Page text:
2. Ravindra Sharma says:

    Removed Starttime, But still i'm getting the same error.

  3. kwill says:

    Ravindra, the blog post has instructions for troubleshooting this type of issue using Fiddler.  Have you done this yet and do you have more information?

  4. Phil says:

    This 403 happens to me frequently even when NOT using a SAS. Eventually it goes away. Appalling.

  5. kwill says:

    Phil, do you have any more details about your problem?  How are you authenticating your requests?  What does a Fiddler trace look like?

  6. senkwe says:

    You can still get this error (as I am now) even when you don't specify an Expiry StartTime.

    Pretty crappy service to be honest.

  7. kwill says:

    senkwe, do you have any additional details about the problem you are seeing?  403 authentication failures can be tricky to troubleshoot, but I have yet to see a single one caused by a problem with the service itself.  If you can share some code and the Request/Response details it would be helpful.

  8. Patrick says:

    Kevin,

    I have been struggling with this random 403 error for hours.  I have rewritten the SaS generation code a million times and it still randomly generates a 403 on file uploads.  Any help would greatly appreciated.

    Thanks,

    Patrick

    This is my SaS code located on Azure:

    **********************************************

           public string GetSaS(string containerName, string blobName)

           {

               var myAccount = CloudStorageAccount.Parse(ConfigurationManager.AppSettings["StorageConnectionString"].ToString());

               var myContainer = myAccount.CreateCloudBlobClient().GetContainerReference(containerName);

               myContainer.CreateIfNotExists();

               var myBlob = myContainer.GetBlockBlobReference(blobName);

               var sharedAccesSignature = myBlob.GetSharedAccessSignature(

                                new Microsoft.WindowsAzure.Storage.Blob.SharedAccessBlobPolicy()

                                {

                                    Permissions = Microsoft.WindowsAzure.Storage.Blob.SharedAccessBlobPermissions.Write | Microsoft.WindowsAzure.Storage.Blob.SharedAccessBlobPermissions.Read,

                                    SharedAccessStartTime = new DateTimeOffset(DateTime.UtcNow.AddMinutes(-5)),

                                    SharedAccessExpiryTime = DateTime.UtcNow.AddMinutes(5),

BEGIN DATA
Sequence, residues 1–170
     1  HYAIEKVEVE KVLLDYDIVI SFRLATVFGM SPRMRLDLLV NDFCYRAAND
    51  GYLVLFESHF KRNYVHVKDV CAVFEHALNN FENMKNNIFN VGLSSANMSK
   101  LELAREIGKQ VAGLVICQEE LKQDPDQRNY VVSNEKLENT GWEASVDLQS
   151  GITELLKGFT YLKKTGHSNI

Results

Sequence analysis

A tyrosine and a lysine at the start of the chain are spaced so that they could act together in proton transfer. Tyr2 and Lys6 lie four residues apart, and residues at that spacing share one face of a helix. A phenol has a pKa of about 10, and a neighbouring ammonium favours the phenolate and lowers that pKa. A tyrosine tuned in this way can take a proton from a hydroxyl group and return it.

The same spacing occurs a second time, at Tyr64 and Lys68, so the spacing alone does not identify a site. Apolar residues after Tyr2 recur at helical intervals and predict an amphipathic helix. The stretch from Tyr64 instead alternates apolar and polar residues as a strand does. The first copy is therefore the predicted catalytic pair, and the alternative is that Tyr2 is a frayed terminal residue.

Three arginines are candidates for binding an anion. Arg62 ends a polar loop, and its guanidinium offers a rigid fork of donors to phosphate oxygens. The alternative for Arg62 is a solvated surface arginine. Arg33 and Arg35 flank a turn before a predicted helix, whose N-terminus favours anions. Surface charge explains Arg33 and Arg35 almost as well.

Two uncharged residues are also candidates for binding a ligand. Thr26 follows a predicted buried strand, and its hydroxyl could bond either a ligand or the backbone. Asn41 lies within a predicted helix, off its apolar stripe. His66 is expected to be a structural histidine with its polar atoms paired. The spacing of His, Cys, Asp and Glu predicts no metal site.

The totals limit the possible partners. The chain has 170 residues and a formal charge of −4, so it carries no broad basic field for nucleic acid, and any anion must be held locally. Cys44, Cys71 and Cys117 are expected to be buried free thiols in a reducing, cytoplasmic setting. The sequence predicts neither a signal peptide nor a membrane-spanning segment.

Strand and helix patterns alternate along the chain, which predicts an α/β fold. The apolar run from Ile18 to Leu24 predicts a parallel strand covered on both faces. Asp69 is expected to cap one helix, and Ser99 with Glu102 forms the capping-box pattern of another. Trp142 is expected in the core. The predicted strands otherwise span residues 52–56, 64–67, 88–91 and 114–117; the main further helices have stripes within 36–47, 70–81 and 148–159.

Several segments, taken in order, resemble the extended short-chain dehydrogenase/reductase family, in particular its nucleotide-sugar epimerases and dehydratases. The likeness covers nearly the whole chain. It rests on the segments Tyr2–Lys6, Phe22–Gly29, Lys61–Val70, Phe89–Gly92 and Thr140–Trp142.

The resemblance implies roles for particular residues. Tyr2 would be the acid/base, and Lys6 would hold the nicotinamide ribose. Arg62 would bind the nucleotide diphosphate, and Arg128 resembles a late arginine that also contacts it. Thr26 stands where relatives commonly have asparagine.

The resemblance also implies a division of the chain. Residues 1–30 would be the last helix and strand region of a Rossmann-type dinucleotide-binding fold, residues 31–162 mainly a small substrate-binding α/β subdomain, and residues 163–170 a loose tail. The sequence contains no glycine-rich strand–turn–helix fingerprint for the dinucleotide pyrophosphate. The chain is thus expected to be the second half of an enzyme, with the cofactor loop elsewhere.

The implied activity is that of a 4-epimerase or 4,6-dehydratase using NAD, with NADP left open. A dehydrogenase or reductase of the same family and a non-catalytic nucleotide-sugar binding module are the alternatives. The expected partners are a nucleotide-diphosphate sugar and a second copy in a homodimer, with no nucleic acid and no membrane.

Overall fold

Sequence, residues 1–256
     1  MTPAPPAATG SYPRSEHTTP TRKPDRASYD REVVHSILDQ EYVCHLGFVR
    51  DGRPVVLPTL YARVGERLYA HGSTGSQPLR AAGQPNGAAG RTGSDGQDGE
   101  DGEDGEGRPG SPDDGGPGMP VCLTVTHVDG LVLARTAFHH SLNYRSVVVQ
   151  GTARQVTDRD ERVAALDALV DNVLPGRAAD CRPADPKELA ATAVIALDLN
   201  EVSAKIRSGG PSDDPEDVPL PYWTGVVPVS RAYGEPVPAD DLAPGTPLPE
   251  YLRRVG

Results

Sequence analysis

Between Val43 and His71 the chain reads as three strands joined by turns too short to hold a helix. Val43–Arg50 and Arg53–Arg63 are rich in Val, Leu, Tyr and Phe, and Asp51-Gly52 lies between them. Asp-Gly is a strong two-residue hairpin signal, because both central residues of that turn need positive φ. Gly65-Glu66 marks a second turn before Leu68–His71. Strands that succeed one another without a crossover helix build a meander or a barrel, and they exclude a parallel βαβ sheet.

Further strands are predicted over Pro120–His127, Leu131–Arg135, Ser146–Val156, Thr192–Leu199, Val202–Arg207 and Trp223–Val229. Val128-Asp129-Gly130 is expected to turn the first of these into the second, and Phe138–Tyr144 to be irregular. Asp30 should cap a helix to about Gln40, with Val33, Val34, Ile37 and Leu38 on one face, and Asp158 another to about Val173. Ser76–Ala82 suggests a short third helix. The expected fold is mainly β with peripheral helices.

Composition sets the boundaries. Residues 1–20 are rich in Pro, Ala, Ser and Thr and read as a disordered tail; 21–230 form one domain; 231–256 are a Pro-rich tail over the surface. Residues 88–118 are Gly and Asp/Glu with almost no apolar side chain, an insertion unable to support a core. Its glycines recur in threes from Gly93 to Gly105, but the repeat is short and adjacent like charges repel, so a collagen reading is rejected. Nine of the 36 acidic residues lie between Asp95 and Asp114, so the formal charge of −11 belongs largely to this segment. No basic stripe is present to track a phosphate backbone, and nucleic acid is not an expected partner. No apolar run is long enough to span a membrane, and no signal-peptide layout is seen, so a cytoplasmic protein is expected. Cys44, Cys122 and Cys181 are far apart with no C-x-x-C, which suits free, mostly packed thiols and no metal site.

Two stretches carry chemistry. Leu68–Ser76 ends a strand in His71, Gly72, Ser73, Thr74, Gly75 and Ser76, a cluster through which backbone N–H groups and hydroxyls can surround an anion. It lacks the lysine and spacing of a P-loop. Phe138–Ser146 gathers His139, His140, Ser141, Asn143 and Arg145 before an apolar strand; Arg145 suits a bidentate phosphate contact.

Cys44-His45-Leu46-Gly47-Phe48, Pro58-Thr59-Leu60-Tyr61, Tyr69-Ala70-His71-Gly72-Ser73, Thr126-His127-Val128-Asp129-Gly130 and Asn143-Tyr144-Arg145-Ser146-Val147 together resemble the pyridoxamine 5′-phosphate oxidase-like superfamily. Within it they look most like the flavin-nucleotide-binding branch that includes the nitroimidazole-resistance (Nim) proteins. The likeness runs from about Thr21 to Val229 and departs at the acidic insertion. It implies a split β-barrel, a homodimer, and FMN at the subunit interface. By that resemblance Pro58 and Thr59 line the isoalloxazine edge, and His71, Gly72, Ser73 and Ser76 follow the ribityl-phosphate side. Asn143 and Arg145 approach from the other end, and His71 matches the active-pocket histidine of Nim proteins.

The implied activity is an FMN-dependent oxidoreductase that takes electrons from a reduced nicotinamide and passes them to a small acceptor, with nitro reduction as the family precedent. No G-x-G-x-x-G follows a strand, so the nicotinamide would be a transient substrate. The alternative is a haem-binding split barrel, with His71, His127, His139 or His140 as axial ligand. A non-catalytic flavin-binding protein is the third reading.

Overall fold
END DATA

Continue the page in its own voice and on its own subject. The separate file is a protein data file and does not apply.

});

               return myBlob.Uri.AbsoluteUri + sharedAccesSignature;

           }

    This is my calling code:

    *****************************

    .controller('AccountDetailCtrl', function ($scope) {

       $scope.uploadfiles = function () {

           var files = fileControl.files;

           for (var i = 0, file; file = files[i]; i++) {

               var reader = new FileReader();

               reader.onloadend = (function (theFile) {

                   return function (e) {

                       $.ajax({

                           type: 'GET',

                           url: 'mytestingzone.azurewebsites.net/…/GetSaS + $("#ContainerName").val() + '&blobName=' + theFile.name,

                           success: function (res, status, xhr) {

                               upload(e.target.result, theFile.type, res);

                           },

                           error: function (res, status, xhr) {

                               alert("Can't get the Shared Access Signature");

                           }

                       });

                   };

               })(file);

               reader.readAsArrayBuffer(file);

           }

       }

    });

    This is the function called from the controller above:

    *************************************************************

    function upload(file, type, url) {

       var ajaxRequest = new XMLHttpRequest();

       ajaxRequest.open('PUT', url, true);

       ajaxRequest.setRequestHeader('Content-Type', type);

       ajaxRequest.setRequestHeader('x-ms-blob-type', 'BlockBlob');

       ajaxRequest.send(file);

    }

  9. Patrick, what does the response body show?  It will probably have a more verbose error that will give you a clue as to the source of the failure.  You can use Fiddler to easily get this information.

  10. Patrick says:

    The response shows the below message. As an FYI, when testing the upload, I have been selecting the same 7 audio files on each attempt.  The error does not occur on the same files each time, but it does occur on a random 3-4 out of the 7.  As an FYI, this is an Ionic/Cordova app running on the Ripple emulator for an iPad3.  The files which do not generate the 403 upload successfully.